Blogs Changing How We Share Information in Cecil County

As we approach the end of the first decade of the 21st century, the Internet and blogs have radically changed how we share information.  There was a time, just a few short years ago, that the financial barriers for entry into the publishing world were large, but periodically someone in Cecil County would venture into that sphere by starting a small newspaper or magazine.  But as we entered the new millennium, those restraints were almost completely removed as free blogging sites caught on across the nation and here in the county.  We’ve commented on that many times since we launched this blog, which had as its original purpose publishing the “411 on the Mayor and Commissioners of Elkton,”  especially by reporting on whatever legacy media didn’t catch at town meetings.

Although Someone Noticed originated as a product with an activist and political orientation, we had other weblogs before the media coverage gap created the necessity for bringing this one to life in August.  While we haven’t commented on those additional products on Someone Noticed, some of our regular readers probably located the sites through other links.  But now that we’re expanding the focus of this product since the town isn’t going to develop the Maryland Public Open Space, we thought we’d post some information here on the other sites pertaining to the history of the region that you may find enjoyable.  At least we hope you do.

We strongly encourage others to launch blogs that bring a wider array of information to Cecil County to fill gaps.  Those may address political issues, provide advocacy, or simply be a place to write about your hobby or profession.  This is a simple process and a great way to share your work or thoughts with a wider audience in Cecil and the Internet.

If you’re interested in the history and culture of the region, surf over to these sites sometime.

A Window on Cecil County’s Past

Reflections on Delmarva Past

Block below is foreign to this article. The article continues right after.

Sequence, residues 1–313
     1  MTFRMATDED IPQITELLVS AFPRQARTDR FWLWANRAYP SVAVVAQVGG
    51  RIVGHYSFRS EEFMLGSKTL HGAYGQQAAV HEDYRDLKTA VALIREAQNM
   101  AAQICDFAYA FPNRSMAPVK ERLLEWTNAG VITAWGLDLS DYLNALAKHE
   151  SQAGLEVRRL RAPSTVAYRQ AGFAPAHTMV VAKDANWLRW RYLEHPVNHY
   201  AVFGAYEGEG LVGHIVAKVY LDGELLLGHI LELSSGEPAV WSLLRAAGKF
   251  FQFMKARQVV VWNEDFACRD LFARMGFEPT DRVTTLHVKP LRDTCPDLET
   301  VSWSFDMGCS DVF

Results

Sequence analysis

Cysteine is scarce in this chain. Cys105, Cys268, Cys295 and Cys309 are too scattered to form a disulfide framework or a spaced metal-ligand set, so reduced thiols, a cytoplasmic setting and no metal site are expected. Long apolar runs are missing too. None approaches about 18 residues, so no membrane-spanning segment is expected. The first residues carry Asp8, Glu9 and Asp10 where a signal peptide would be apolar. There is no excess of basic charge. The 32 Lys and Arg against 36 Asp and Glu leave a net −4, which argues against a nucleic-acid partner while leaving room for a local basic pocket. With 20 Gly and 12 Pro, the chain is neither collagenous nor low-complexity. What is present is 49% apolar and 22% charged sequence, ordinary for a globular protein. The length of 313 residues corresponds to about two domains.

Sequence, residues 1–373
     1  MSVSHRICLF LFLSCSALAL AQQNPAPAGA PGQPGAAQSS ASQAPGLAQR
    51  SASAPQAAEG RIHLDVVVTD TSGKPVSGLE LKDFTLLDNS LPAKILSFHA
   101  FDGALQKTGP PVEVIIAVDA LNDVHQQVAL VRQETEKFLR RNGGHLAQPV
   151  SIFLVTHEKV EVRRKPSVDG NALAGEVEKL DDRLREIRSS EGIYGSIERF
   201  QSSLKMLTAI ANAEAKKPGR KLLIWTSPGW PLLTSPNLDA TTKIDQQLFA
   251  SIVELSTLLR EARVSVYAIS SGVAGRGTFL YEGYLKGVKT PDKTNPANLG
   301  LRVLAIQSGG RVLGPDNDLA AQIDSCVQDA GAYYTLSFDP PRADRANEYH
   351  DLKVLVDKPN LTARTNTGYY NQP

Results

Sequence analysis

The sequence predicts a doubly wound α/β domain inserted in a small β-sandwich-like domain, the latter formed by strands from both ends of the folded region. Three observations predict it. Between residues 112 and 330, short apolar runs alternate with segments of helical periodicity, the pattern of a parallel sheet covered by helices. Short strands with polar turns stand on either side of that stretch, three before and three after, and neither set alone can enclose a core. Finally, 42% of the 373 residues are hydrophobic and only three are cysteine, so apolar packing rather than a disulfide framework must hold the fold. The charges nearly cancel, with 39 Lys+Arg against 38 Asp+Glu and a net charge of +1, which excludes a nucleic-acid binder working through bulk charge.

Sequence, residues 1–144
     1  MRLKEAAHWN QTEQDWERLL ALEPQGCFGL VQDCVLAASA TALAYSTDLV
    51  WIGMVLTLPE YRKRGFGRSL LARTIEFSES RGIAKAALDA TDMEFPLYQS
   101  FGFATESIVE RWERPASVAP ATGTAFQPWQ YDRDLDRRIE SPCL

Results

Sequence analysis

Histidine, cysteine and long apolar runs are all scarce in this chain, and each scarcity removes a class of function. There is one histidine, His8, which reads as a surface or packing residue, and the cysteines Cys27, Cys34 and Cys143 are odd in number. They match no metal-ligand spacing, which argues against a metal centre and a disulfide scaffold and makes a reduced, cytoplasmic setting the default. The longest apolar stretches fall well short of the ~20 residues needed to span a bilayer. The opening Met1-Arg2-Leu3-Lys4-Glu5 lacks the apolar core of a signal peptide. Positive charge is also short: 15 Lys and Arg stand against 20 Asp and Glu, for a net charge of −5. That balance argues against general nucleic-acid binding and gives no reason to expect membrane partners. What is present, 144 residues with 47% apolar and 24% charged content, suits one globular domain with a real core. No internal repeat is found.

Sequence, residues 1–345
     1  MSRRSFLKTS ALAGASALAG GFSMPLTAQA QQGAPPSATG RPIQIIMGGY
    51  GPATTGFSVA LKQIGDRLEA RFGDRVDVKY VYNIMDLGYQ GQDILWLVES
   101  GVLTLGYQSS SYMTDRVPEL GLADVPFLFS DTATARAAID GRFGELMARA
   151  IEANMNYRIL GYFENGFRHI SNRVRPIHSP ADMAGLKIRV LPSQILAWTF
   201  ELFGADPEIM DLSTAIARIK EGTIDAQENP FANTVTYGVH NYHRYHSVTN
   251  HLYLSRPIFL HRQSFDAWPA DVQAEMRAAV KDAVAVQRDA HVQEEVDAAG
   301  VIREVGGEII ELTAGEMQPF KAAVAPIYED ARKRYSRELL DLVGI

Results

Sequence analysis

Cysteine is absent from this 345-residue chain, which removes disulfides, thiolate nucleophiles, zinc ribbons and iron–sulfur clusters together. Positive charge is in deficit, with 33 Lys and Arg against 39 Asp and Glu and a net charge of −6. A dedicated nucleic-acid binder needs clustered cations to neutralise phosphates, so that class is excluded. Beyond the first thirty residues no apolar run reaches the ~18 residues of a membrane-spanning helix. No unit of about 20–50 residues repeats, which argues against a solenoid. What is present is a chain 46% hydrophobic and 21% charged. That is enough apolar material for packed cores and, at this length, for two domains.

4 responses to “Blogs Changing How We Share Information in Cecil County

  1. Mike, I am surprised you haven’t commented on Cecil’s own bridge to nowhere, the Gilpin Falls Covered Bridge. I find the Cecil Whig editorial of Friday 31 October 2008 to be rather off base. I believe Demmler wrote a letter to the editor several days earlier explaining her position. Despite the editor’s lofty position of not wanting to spend tax dollars for the bridge, Demmler is correct in stating that if we don’t, someonelse will. The monies are appropriated for a specific use, and if one doesn’t spend it, someonelse will. I think it is the editor that needs to have a course in Civics 101.

  2. Richard:

    You’re right that is something I should have posted on and thanks for sharing your opinion on the subject here. I was surprised to see the Whig’s editoral about Cecil’s Bridge To Nowhere as I spent quickly paged through the newspaper the other morning.

    We agree it’s not the way grants work. Unfortunatley here in the county we far too often have allowed grants to escape us since we were standing on our position of not accepting the money. Well all that does is allow it to go to another jurisidictions. I think the same argument was made that we shouldn’t accept the money for that new park land the county recently acquired. Well everyone of us in Cecil County contributed to the funding of those sources thorugh taxes and fees. If they don’t want this money used for such things, the people arguing about them should go after the appropriate level of government and get the tax removed. Until that happens, we’d better do our best to make sure Cecil gets our fair share. That’s one valid argument.

    Of course, I argue about the value of historic preservation for it is important too. We should protect our built environment. We have so many strong historical resources here, but there is not a lot of grass roots advocacy for them.

    I thank Commissioner Demmler and the other Commissioners for voting for this. I do wish Commissioner Tome had more concern for preservation. And if that’s not the case, at least we’d urge the commissioner to make sure we get our fair share until he’s able to get that tax burden lifted off the taxpayers of Cecil County. Otherwise he’s just helping Baltimore, Montgomery or Howard get more. I’m sure they’re happey that he’s looking out for funding to the worth causes in those counties.

    I thought I’d write something and called the Whig to see if they’d print a letter to the editor on the subject. They said they would but I got tied up and never got it done.

    Thanks for posting your opinions on this here.

  3. As my good friend Yosemite Sam would say, WHAT THE HELF! WHAT THE HELF! You forgot to mention my blog! Its about delmarva history! It deals with the history of school integration in Cecil, Kent, and Queen Anne’s Counties. I hate to tell you this, but school integration IS HISTORY, and Cecil, Kent and Queen Anne’s Counties ARE ON THE DELMARVA PENNINSULA!

    Keep that in mind! That is all.

  4. C’mon Kyle, give the old man a break! LOL!

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